Furthermore, within the world of Raise the Red Lantern suggestion is the storytelling method of choice. Things are not shown so much as they are implied, and this is one of the great strengths of the film. We do not need to see inside the mysterious tower where disobedient wives find their demise to know what goes on there—and, in fact, our imaginations are far better sources of material than anything that Yimou could have contrived. Suggestion is not limited to the visual, however. When a wife is chosen for the evening one of her ‘perks’ is that she is given a curious foot massage—her feet are pounded by miniature hammers that have bells in them. The bells ring loud enough for the sound to be heard throughout the house. On her first night in the house, Songlian, like us, finds this phenomenon strange. But as the movie progresses we come to see that the pleasure of the foot massage is not in the massage, but in the knowledge that the other wives are not receiving it. We experience Songlian’s discomfort when she, like us, must hear the sound of favoritism in the bells coming from a sister wife’s chamber, and we later witness her delicious enjoyment as she relishes in the fact that she has been chosen.
Truly, the greatest pleasure in this household is the taking of pleasure from others. It is, in Miltonic language, the Satanic response to an existential hell. And in fact, I believe that this house in Raise the Red Lantern seems to stand for that very existential helplessness experienced by much of humanity. Within it, the world is seen as an inescapable prison of mysterious rules and painful consequences. The house is our world, closed; we inhabit this home throughout the many seasons of life. There are rules in our universe which we break at our own risk. And the wives, though taking particular pleasure in envy, embody the various responses to which we have recourse.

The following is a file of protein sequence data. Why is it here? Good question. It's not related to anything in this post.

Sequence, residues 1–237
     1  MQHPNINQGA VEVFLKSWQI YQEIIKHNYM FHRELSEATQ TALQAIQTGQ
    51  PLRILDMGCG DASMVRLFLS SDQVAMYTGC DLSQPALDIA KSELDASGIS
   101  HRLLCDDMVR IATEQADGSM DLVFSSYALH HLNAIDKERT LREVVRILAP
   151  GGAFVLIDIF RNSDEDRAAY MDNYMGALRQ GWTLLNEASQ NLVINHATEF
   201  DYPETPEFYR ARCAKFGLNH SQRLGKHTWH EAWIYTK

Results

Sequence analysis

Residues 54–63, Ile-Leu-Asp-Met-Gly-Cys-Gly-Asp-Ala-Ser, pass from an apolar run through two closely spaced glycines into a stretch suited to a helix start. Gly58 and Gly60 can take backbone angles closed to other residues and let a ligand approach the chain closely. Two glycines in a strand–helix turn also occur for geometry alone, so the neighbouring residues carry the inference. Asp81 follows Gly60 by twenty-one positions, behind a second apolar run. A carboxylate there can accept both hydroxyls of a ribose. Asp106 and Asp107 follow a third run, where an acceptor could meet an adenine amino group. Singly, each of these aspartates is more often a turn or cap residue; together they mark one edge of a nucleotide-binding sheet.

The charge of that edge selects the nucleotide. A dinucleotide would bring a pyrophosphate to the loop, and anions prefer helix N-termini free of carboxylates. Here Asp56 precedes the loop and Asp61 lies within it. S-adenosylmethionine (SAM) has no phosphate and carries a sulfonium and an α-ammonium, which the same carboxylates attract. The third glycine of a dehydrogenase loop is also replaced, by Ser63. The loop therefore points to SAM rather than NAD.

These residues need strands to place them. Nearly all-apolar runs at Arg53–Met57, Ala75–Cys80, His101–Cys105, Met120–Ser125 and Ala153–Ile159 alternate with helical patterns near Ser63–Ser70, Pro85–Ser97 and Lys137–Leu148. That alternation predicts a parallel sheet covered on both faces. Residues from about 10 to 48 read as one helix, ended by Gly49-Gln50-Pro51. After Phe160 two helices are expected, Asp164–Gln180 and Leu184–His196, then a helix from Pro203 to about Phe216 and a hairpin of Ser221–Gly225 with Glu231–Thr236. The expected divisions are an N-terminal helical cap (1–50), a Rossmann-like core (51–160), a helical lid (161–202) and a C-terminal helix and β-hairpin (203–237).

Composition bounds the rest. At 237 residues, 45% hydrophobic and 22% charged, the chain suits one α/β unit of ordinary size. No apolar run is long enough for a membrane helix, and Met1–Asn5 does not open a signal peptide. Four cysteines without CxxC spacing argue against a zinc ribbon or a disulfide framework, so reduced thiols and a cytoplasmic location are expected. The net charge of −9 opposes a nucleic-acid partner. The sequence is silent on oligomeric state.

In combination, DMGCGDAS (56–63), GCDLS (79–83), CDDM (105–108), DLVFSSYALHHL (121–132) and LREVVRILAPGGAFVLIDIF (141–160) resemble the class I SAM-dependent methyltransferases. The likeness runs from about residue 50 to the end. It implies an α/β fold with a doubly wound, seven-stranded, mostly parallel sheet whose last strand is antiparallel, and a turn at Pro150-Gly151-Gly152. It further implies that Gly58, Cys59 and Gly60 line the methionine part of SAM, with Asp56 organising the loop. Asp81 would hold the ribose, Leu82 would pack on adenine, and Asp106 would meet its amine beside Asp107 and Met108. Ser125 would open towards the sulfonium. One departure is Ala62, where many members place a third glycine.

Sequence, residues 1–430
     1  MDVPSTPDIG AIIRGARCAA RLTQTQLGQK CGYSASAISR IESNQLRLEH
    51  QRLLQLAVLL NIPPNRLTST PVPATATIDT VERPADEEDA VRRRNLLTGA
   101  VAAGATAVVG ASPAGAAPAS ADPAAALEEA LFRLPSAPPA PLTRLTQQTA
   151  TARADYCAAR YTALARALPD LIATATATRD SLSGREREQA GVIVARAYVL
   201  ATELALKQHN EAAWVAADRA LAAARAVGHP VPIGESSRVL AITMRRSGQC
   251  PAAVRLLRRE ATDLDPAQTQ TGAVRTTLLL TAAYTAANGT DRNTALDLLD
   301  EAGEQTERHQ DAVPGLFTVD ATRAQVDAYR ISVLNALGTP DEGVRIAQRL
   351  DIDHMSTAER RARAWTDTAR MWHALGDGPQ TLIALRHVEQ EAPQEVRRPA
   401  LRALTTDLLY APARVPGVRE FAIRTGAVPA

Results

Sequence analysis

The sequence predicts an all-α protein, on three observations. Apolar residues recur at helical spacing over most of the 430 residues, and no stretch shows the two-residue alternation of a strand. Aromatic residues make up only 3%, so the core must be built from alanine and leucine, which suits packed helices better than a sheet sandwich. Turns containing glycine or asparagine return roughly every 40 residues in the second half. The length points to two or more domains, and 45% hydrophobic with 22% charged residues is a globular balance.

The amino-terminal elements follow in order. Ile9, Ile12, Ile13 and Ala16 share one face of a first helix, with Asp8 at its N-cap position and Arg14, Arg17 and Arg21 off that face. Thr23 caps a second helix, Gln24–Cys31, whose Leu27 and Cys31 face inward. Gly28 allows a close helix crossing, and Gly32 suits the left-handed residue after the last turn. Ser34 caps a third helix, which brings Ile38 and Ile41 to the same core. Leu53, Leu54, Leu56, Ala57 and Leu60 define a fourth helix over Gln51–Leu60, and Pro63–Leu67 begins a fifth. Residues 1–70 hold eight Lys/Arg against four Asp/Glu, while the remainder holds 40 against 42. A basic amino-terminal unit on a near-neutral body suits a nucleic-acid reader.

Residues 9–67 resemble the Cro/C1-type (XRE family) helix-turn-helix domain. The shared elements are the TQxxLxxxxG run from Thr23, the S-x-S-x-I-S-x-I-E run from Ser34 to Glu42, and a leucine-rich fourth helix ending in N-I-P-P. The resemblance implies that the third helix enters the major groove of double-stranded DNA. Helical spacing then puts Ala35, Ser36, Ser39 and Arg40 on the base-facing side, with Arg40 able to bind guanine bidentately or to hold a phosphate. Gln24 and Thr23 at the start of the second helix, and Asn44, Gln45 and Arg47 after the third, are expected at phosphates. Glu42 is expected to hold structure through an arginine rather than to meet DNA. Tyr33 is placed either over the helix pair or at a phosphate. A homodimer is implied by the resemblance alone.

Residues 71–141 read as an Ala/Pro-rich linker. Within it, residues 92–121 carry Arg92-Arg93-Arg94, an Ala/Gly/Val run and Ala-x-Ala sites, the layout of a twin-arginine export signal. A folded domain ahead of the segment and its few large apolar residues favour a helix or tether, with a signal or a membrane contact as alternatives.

The first and eldest wife is a picture of inaction. The lanterns in her home are never lit because of her age, and she has seemingly resigned herself to her fate. Accustomed to her position of powerlessness, she is barely a participant in the household goings on. The third wife is a picture of imitation—a former opera singer, she (also the image of the caged songbird) fills the house with her songs, fills her room with images of the opera, and is the only wife who seeks to bring some of the outside world into the home with her. She even does this through her illicit relationship with the family doctor. Her way of coping with hell is to try and recreate a little heaven within it.
The second wife plays the Satanic role in the film—through false pretence she makes it her goal to hurt others. She despises the first wife because of the son that she had given to the master, despises the third wife for the same reason, and sees in Gong Li a threat as she herself ages. She is the silent power player in the film, working through envy to destroy the others around her.
And Gong Li, the fourth wife and our guide, is a picture of rage. She comes to loathe the household rules and the members of the house. She becomes petty in her rage, hurting her serving girl, squabbling with the other wives unnecessarily, and ultimately bringing about two deaths by her actions. In the end, her uncontrolled rage is the very cause of her demise.
Raise the Red Lantern is a bleak but beautiful film that explores human responses to despairing captivity. It is beautiful in its storytelling, cinematography, editing, and performance, but bleak and terrible in it’s portrayal of human despair and sin—which, I might add, is a perfectly appropriate marriage.